It is amazing to see how sick he was and how his body was able to heal and how far he has come. My family gave me the nickname Nurse Ratchett, who was the nurse in the movie "One Flew Over the Cuckoos Nest". When I arrived to California, my brother Mark and I drove to the rehab center to bring my dad home to my brothers home. I had a 2 hour crash course on how to do more medical stuff than I ever thought possible.

Two days later my brother left for the week on a business trip. I was left to take care of my very sick dad. When he was released from the rehab center, he was on oxygen, insulin dependent, in a wheel chair, 15 different medicines, had bedsores and was still very sick. Every day he made incredible strides toward health. When I left him on April 6th, he was using a cane (when he remembered), no insulin, oxygen, and took 12 medicines a day and was in awesome health. My goal was to get him health so he could return back home in Boston. He is going home on the 10th with my brother Dan. I hope my dad continues to thrive when he returns back to his own home and does not have Nurse Ratchett telling him what to do.

It is very hot here in Panama and I can not wait to get to the highlands again where it is 30 degrees cooler. I have been having such intense hot flashes, I just about drowned myself.  read more here... lee mas aquí... »

On the boat to Cartagena, Colombia

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The Stahlratte
Tomorrow we take a 4-wheel-drive to Carti on the Caribbean coast, load our bikes and gear aboard, and spend 5 days on the Stahlratte sailing through the San Blas Islands and on to Cartagena, Colombia. We're excited about the trip, and anxious about the next phase of the trip... South America! Will the climbs kill us? Will we be kidnapped by terrorists (probably not)? Do we have another year of travel and another 10,000 miles in us? Stay tuned...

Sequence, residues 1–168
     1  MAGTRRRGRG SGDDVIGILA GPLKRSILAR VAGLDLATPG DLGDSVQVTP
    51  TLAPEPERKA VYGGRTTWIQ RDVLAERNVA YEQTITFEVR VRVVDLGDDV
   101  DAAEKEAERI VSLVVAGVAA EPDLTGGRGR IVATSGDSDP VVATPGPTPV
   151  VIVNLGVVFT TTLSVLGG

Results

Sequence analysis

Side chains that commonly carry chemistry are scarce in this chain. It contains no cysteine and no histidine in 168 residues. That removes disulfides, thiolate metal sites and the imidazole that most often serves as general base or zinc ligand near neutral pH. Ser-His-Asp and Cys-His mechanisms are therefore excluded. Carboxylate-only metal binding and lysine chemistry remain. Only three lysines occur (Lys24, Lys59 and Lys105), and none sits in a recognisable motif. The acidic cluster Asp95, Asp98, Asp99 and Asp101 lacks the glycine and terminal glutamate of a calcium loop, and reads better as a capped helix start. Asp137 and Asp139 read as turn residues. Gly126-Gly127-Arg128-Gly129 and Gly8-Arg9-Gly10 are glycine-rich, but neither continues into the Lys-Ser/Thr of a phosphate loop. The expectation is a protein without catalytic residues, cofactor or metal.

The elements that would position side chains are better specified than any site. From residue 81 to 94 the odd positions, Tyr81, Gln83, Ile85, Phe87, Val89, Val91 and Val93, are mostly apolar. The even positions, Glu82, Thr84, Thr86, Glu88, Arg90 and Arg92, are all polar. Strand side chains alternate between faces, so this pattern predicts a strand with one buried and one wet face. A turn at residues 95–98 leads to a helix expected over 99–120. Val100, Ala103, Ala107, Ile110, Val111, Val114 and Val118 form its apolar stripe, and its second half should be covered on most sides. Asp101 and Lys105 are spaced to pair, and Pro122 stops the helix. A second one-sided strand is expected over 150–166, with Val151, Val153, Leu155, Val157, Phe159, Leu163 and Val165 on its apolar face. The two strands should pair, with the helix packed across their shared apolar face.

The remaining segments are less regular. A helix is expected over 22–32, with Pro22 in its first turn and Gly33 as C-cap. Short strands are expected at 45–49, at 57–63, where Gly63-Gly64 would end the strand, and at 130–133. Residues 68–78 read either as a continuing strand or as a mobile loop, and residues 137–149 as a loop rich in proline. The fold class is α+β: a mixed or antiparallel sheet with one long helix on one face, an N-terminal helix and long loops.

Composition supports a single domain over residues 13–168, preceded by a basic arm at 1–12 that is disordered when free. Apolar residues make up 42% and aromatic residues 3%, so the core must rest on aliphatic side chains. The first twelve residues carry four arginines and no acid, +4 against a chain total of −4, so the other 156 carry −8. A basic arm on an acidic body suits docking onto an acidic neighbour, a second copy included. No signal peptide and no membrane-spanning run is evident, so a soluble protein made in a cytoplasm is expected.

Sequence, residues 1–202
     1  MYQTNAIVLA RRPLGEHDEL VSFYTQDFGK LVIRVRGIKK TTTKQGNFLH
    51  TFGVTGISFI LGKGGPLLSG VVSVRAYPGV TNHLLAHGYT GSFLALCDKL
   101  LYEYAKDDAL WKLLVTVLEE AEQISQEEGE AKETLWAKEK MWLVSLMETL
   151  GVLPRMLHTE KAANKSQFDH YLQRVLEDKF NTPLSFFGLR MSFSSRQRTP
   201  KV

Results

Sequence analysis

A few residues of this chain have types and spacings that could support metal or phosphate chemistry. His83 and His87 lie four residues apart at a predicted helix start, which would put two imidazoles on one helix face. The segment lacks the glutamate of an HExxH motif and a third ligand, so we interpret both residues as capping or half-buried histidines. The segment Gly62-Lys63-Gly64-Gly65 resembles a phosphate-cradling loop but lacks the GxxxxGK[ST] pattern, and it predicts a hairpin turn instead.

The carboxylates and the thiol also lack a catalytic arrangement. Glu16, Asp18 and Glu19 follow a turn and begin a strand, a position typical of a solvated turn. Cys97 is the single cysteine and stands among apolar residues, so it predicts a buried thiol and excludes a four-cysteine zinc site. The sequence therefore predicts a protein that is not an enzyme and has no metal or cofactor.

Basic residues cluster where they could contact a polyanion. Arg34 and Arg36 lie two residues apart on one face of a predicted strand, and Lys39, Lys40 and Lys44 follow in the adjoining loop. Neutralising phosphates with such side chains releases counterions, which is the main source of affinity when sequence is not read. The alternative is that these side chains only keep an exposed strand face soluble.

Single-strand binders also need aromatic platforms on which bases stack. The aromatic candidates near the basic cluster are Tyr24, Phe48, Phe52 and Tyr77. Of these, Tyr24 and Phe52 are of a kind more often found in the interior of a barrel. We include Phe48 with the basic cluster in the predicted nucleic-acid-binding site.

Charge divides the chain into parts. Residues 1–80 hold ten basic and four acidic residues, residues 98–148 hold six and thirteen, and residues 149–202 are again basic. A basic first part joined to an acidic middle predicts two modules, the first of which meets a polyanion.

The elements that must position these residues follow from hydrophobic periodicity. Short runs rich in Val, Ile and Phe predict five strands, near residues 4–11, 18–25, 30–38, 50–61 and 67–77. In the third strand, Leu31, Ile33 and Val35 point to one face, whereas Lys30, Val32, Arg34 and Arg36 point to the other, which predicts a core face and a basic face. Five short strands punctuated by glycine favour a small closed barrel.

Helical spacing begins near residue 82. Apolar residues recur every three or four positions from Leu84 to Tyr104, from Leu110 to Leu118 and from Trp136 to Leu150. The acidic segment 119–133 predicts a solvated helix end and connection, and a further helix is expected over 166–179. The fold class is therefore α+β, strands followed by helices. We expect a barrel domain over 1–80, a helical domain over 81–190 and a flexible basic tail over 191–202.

Info on Sailing from Panama to Cartagena, Colombia, and other options

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The Stahlratte, the boat we sailed to Cartagena
The Stahlratte, the boat we sailed to Cartagena (View on flickr)

There is no road from Panama to Colombia, so many cyclists choose to find sea transportation, probably out of a purist desire to avoid an airplane. It is nice to have the continuity of traveling on the earth, although not necessarily cheaper or better.


It does turn out that while there are not regularly scheduled services to Cartagena, you can probably get there just fine. Trying to get there for free on a yacht from Colon is probably possible, but won't work for most people. However, there are a number of boats that make the trip, charging US$275 to $350, and there are hostels that arrange the connections. So if you really want to sail, you can probably do it.